In the week that The Guardian reports that the UK is investing in a programme for cyber-defence, The Atlantic carries an article which says that US intelligence services are attempting to analyse the use of metaphor in order to uncover underlying beliefs or orientations among different cultural groups.
IARPA (Intelligence Advanced Research Projects Activity) is an organisation mysterious enough to have an X-File of its own… but they seem to have endless resources. Here’s a synopsis of how it’s supposed to work:
“The Metaphor Program will exploit the fact that metaphors are pervasive in everyday talk and reveal the underlying beliefs and worldviews of members of a culture,” declared an open solicitation for researchers released last week. A spokesperson for IARPA declined to comment at the time.
IARPA wants some computer scientists with experience in processing language in big chunks to come up with methods of pulling out a culture’s relationship with particular concepts.”They really are trying to get at what people think using how they talk,” Benjamin Bergen, a cognitive scientist at the University of California, San Diego, told me. Bergen is one of a dozen or so lead researchers who are expected to vie for a research grant that could be worth tens of millions of dollars over five years, if the team scan show progress towards automatically tagging and processing metaphors across languages.
The original solicitation is available here. Metaphor undoubtedly plays a role in shaping our discourses and worldviews, but there’s something about the proposed methodology that seems a problem for me.
The assumption that appears to be made is that metaphor can be reduced to non-metaphor; that one can express the same sentiments with or without the use of metaphor. I would want to defend the (what I take to be Wittgensteinian) claim that linguistic meaning is both a.) relative to particular forms of life and b.) irreducible in the sense that there are no ‘common denominators’ for forms of life. Different cultures may simply employ more metaphors – or use the same ones in different ways.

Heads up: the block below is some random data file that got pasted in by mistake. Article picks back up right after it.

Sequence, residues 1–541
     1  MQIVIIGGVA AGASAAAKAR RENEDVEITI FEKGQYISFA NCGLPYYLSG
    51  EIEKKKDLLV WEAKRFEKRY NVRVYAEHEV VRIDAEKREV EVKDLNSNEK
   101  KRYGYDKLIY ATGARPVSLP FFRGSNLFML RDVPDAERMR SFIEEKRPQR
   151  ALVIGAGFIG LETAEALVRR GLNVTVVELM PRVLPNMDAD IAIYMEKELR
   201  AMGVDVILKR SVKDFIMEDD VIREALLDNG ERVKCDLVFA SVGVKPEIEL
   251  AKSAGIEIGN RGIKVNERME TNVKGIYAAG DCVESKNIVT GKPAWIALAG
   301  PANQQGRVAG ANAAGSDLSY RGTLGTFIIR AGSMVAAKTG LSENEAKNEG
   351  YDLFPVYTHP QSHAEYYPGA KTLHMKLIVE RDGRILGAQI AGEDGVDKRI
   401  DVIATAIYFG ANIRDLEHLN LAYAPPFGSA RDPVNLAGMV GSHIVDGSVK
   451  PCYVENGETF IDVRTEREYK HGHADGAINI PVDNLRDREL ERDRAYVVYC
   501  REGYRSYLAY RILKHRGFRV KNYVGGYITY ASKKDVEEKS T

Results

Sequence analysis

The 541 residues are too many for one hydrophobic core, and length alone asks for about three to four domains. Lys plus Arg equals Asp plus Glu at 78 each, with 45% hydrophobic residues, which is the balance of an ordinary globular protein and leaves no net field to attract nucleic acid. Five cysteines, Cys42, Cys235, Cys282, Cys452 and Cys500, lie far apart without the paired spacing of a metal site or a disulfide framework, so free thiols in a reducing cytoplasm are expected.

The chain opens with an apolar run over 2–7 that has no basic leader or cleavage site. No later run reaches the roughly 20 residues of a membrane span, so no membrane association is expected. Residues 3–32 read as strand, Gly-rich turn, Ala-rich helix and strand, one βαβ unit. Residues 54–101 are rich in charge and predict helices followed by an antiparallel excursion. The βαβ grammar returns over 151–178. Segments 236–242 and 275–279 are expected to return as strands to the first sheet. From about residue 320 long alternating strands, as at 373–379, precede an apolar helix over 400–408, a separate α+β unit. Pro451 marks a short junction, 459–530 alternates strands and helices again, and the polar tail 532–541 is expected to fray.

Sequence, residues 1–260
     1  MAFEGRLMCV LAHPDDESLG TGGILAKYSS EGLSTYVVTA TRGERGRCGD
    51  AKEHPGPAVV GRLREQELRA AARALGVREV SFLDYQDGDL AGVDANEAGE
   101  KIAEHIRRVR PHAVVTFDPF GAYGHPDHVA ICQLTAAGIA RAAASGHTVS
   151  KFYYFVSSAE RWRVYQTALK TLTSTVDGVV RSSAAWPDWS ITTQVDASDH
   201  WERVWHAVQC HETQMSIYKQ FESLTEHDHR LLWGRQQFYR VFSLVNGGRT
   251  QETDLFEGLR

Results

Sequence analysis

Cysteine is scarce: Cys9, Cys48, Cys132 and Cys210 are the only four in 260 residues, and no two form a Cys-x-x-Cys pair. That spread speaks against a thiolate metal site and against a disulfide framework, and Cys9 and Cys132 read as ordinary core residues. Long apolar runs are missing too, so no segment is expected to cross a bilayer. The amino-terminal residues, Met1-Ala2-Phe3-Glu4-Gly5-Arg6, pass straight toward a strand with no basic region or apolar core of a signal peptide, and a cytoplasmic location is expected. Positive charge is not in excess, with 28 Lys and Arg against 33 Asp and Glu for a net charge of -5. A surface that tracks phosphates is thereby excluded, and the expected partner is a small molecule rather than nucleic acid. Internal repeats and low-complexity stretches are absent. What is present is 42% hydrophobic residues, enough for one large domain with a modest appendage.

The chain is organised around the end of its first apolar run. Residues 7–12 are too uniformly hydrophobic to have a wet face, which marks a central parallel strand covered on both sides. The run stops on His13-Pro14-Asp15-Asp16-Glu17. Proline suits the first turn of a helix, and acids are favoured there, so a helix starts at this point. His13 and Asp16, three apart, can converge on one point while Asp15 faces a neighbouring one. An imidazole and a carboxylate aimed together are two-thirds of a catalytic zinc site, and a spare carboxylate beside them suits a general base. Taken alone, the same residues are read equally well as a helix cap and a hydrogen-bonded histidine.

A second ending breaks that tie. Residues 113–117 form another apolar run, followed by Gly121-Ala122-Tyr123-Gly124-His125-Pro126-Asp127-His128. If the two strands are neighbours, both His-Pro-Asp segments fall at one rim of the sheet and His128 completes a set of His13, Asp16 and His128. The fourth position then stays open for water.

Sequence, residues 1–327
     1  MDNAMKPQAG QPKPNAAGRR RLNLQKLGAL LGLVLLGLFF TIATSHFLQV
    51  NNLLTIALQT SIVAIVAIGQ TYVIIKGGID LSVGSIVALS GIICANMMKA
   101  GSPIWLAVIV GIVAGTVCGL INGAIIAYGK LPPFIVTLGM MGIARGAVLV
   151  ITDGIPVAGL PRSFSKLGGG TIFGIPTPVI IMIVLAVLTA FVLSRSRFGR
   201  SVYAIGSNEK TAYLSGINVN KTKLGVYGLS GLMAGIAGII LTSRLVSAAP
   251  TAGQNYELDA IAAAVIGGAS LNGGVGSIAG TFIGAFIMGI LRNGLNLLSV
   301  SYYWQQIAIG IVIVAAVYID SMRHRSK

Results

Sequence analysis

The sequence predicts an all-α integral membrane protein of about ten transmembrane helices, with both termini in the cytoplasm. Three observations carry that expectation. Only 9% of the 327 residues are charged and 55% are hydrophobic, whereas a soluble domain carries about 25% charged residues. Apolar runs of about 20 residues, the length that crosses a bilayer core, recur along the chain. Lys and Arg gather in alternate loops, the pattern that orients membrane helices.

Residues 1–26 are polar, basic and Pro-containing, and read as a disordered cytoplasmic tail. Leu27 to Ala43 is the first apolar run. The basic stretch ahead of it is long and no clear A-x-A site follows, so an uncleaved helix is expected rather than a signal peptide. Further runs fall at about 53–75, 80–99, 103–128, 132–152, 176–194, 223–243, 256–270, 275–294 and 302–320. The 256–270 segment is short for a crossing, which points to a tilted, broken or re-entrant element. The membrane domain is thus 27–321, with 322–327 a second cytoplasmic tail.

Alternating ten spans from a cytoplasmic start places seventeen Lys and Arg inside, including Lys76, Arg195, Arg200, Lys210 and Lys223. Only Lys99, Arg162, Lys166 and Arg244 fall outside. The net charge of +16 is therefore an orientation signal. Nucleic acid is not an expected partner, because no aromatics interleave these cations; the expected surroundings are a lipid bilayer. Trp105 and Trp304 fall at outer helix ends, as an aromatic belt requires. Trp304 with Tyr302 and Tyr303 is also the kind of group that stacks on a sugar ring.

The idea here is no less than peering into the minds of potential terrorists: perhaps those who don’t yet realise they are potential terrorists! Could this lead to ‘Minority Report‘ style pre-emptive arrests? Perhaps not, but it does seem likely that this kind of technology might at least be used to ‘justify’ surveillance of particular groups on the spurious grounds that their minds have somehow been read by an algorithm.
I suppose that at this venture it remains to be seen just how useful the results could be – there’s something exciting about the possibility of using these methods to analyse different forms of discourse – but I’m sceptical about the suggestion that this could be used to somehow uncover ‘the truth of a culture’ as Madrigall puts it.
Aside from these worries, there’s something quite interesting about the ambitions of the project, not least the challenge of finding some way to make this all computable at all…